Here I am once again displaying my blatant lack of knowledge when it comes to wine and such spirits. A bottle of Perrier-Jouët Champagne from the 1874 vintage recently sold for around $57,000, reports Food and Wine.
The bottle absolutely demolished the estimated price of $20,000 and set a record for the most expensive bottle of champagne ever auctioned by Christie’s Auction House. Perrier-Jouët had already set a record with its champagne in 1888. A bottle from the exact same vintage held the record for most expensive bottle sold at auction until 1967 when it was finally beaten.
The price tag on this bottle is hefty as hell, but the winning bidder did receive more than just some bubbly. In addition to the record-breaker, the bidder also got an incredible champagne-filled experience. The prize package included a night at Maison Belle Epoque (the home of the brand’s founders) for up to 10 people, a guided tour of the house and the cellars, a tasting of the current Perrier-Jouët range, a meal made by a three Michelin starred chef with champagne pairings from Perrier-Jouët. And, the pièce de résistance: The bidder gets to pop open the 1874 vintage with Cellar Master Séverine Frerson.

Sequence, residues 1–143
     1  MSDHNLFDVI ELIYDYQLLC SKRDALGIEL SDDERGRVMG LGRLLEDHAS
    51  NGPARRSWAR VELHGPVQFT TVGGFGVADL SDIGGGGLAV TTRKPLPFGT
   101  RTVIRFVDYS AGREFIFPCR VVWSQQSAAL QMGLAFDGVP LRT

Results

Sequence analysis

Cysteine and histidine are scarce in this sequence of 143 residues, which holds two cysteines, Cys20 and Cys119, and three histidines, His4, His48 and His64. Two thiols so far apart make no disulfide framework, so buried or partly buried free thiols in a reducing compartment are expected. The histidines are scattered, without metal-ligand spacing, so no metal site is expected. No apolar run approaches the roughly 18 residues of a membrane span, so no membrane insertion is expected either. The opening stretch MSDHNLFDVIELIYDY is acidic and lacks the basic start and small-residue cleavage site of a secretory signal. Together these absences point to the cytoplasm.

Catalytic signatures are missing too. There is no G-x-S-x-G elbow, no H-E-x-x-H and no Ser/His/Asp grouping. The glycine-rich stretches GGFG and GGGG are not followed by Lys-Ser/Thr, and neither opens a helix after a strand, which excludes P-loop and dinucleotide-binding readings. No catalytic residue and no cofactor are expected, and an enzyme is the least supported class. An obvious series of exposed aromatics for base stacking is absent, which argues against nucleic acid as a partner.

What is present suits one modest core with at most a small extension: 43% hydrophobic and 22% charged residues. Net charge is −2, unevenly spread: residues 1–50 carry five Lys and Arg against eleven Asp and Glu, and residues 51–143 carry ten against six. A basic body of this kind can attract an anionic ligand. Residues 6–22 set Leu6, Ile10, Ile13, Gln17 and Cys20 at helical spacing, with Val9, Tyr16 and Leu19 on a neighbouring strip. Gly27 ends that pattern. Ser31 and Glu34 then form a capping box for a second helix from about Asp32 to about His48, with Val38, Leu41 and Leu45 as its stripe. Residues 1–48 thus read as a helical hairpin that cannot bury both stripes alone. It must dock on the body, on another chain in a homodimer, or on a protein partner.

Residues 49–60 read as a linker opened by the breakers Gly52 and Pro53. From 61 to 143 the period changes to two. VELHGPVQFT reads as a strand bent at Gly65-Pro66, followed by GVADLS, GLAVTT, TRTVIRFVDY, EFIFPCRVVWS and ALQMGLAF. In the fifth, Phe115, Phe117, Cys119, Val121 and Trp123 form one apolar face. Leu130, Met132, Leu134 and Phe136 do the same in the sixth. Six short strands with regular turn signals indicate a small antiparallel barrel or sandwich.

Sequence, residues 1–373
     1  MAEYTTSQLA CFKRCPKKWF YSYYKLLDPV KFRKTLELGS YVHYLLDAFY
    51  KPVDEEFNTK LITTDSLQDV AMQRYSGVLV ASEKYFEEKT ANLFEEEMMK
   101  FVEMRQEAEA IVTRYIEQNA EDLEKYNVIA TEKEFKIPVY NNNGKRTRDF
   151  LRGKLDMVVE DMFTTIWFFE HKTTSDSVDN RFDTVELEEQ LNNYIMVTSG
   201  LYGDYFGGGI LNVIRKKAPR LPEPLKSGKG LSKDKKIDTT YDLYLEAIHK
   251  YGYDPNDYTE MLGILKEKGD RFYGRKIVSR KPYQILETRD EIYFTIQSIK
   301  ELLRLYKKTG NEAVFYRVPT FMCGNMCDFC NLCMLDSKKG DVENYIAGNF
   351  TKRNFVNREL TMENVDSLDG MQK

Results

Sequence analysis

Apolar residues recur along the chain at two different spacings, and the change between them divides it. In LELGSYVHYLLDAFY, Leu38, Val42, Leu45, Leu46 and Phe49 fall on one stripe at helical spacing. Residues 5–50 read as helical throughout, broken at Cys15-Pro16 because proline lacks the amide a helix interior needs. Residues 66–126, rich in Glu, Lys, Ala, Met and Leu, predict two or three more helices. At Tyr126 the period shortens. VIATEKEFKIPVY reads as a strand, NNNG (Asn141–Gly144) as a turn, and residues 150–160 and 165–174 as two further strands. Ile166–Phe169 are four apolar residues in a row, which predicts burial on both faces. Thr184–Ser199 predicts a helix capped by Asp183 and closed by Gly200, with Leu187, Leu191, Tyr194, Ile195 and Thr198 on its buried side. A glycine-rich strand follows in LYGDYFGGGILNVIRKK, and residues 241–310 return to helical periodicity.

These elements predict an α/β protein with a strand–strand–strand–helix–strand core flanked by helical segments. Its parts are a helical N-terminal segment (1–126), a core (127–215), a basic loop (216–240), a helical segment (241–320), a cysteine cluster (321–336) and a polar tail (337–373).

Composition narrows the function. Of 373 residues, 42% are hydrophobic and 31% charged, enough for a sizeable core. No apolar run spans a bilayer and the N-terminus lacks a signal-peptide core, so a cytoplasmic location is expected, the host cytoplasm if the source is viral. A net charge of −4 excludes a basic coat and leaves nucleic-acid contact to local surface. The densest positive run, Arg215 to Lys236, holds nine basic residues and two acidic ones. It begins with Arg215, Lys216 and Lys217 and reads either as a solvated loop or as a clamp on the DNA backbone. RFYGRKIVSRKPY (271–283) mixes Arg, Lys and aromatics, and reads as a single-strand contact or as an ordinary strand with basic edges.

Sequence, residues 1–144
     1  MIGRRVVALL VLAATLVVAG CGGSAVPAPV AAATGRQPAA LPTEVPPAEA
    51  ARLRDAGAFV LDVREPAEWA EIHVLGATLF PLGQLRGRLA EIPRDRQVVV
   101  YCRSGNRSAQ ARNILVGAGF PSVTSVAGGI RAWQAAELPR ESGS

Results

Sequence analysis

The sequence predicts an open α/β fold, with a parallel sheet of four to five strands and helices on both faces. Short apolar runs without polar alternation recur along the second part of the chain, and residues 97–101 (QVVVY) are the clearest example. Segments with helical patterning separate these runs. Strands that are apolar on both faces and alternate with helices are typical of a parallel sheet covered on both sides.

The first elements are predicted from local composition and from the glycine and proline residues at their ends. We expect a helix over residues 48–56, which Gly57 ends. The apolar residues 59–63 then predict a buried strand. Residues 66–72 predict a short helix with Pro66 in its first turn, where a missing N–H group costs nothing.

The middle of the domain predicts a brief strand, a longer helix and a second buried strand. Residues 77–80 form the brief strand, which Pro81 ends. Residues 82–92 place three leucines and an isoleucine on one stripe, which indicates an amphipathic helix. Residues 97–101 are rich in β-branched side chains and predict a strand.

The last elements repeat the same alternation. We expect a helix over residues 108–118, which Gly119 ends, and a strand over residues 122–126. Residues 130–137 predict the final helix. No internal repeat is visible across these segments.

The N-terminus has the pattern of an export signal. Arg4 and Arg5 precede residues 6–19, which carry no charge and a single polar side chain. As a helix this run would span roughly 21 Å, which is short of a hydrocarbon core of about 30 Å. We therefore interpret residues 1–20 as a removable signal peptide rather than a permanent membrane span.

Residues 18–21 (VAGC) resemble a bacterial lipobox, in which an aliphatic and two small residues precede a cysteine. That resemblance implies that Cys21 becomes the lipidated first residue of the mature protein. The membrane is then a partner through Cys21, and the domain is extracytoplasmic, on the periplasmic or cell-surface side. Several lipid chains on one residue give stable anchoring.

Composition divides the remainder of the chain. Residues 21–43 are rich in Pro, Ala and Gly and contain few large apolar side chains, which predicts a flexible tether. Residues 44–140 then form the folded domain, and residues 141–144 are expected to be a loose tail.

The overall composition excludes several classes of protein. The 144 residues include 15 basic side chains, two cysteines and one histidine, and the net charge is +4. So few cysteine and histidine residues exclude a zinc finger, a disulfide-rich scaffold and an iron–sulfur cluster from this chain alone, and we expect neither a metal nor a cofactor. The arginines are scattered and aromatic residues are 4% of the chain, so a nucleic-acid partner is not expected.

This dust-covered, unlabeled bottle is of course super rare. Tim Triptree MW, international director for Christie’s Wine & Spirits Department said, “As far as I know, no one other than Perrier-Jouët has any of this champagne left. It has spent almost 150 years in ideal conditions…” He added, “It’s had no movement, and the vault’s darkness, temperature of 11 to 14 degrees Celsius, and 98% relative humidity, are perfect for maturation.” The self-control it must take for people to not crack open a bottle for that long is just astounding.
I understand that aging wine makes it taste better, but again as someone with the pallet of a 12-year-old, what constitutes “better”? Does the alcohol get stronger? Can you just taste the history in a glass? One day I’ll get to the bottom of it.